- A decision by the Hawaii Public Utilities Commission on NextEra's proposed $4.3 billion acquisition of Hawaiian Electric Industries could be delayed by an investigation into an anonymous complaint regarding former chief counsel Thomas Gorak, who last month was selected to serve on the commission.
- Hawaii Gov. David Ige selected Gorak to replace Commissioner Michael Champley when his term ended last month.
- But the 10-page anonymous report questions Gorak's tenure before he was tapped to serve on the commission, as well as details regulatory infighting impacting the NextEra-HECO decision and potentially other dockets.
Honolulu Civil Beat reports that PUC Chair Randy Iwase has asked Hawaii Attorney General Doug Chin to investigate the anonymous submission, titled "ODC COMPLAINT," though the head of the commission has been publicly critical of the document. According to the news outlet, he called it a “smear complaint” against Gorak.
Ige's decision to replace Champley, a supporter of the NextEra-HECO merger, may have tilted the commission's balance just as it prepares to issue a decision. While Ige says he is unaware of how the PUC is preparing to decide, he has been a staunch critic of the deal. Should Gorak oppose the deal, it would likely fail.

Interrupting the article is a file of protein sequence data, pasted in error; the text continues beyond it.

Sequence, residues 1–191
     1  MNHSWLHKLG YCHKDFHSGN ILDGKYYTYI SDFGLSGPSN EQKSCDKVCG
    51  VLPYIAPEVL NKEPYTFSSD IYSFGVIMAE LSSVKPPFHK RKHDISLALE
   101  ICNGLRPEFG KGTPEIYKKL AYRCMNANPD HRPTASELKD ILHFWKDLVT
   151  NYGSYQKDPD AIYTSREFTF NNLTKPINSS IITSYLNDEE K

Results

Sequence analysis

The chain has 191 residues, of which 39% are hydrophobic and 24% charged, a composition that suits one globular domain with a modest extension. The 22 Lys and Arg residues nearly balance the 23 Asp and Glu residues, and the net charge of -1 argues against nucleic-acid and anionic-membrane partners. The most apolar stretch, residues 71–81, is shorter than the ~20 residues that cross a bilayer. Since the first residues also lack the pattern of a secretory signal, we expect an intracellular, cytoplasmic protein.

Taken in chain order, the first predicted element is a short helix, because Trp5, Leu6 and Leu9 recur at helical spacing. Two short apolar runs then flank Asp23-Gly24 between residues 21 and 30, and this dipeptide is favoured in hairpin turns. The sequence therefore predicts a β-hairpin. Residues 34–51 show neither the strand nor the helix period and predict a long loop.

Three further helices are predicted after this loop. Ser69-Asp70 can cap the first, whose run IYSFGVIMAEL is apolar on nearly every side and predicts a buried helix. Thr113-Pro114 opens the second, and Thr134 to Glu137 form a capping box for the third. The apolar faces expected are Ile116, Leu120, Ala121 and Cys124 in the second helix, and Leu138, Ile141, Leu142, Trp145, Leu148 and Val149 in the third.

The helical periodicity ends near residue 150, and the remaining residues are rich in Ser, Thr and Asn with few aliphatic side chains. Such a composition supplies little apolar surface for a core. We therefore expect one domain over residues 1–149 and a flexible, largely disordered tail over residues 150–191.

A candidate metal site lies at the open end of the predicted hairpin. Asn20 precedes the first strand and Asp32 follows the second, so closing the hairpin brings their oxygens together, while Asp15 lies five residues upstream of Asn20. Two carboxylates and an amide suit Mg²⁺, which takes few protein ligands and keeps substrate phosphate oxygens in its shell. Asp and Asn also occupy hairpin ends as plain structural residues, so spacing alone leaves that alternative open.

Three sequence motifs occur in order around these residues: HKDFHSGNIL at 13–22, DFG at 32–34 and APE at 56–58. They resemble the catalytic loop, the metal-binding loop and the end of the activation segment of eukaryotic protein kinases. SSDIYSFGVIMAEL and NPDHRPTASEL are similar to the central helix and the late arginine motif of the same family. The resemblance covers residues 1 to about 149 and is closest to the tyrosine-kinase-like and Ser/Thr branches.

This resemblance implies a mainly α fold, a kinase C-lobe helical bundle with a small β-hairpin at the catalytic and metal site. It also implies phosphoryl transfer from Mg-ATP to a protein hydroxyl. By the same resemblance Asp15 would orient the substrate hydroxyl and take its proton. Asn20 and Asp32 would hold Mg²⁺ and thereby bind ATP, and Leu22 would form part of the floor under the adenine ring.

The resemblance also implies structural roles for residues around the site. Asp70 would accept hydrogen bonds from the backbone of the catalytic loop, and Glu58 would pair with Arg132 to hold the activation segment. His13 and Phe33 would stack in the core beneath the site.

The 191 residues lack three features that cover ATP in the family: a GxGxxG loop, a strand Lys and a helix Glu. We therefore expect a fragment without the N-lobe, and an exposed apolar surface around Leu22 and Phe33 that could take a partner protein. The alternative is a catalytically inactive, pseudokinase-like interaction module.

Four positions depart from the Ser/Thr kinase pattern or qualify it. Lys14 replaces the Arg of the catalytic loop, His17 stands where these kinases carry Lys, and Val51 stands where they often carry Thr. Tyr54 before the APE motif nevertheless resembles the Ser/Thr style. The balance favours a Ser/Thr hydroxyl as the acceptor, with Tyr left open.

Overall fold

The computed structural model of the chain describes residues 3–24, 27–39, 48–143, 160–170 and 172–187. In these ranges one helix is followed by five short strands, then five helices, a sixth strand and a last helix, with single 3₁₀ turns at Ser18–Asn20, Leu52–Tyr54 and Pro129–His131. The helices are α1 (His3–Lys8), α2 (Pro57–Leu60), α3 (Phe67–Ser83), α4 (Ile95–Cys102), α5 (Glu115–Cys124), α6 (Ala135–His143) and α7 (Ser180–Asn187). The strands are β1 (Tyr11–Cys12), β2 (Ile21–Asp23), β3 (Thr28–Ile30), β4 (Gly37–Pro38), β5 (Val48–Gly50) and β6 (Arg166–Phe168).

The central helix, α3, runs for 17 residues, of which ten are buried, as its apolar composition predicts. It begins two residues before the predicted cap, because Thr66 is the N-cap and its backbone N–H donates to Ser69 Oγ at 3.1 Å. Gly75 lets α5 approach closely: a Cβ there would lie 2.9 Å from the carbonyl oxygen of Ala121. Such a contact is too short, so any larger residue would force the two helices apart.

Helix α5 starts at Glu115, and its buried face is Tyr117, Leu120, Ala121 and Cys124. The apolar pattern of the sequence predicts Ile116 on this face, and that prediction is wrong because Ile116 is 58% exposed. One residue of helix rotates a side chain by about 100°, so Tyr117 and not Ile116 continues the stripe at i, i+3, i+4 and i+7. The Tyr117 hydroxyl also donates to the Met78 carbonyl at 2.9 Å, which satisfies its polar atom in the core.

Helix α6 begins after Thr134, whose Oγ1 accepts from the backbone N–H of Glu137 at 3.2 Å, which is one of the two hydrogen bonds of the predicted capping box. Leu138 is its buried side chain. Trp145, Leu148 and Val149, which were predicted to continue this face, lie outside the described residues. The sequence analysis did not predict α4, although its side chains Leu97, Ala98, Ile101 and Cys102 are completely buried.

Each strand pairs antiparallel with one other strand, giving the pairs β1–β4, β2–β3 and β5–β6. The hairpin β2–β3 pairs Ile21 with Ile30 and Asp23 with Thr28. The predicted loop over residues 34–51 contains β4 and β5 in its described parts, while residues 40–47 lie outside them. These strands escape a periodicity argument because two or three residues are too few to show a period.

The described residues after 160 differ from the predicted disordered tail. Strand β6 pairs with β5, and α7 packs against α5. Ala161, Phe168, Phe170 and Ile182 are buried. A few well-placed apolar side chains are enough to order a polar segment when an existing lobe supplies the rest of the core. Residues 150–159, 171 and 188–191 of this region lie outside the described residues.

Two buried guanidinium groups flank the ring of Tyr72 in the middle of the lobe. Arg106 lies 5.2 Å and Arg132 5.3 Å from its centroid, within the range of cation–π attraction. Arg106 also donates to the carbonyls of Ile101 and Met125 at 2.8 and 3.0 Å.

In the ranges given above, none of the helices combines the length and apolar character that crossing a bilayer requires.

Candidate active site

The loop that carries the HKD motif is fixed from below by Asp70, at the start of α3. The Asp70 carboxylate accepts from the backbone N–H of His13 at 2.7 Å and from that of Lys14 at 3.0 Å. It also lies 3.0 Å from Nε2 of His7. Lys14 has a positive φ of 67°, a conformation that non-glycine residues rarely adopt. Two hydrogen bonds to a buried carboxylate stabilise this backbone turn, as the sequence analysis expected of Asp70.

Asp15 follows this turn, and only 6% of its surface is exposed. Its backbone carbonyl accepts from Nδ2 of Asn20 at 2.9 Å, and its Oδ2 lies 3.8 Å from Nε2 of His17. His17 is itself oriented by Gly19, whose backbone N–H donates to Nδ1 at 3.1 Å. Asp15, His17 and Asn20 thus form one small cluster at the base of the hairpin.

According to Civil Beat, a vote to deny the deal would have Gorak and Iwase opposed and Commissioner Lorraine Akiba in favor.The complaint's "ODC" is presumed to refer to the Hawaii Supreme Court’s Office of Disciplinary Counsel.
Ige said he delayed announcing Gorak as the new commissioner, expecting the PUC to issue a decision on the HECO-NextEra deal before Champley's term was up, but when the deliberations were delayed he had no choice but to move ahead with the appointment.
The majority of stakeholders have opposed the deal, with the exception of the Hawaii Department of Defense and the local chapter of the International Brotherhood of Electrical Workers. Ige is among those who oppose the deal, along with the state's energy agency and consumer advocate.
Most of the opposition stems from concerns over NextEra's Florida subsidiary's clean energy track record and worries that the deal would raise the island's already-high electricity rates. Hawaii plans to source 100% of its power from renewables by 2045, but critics say Florida Power & Light's track record could hurt progress toward that goal.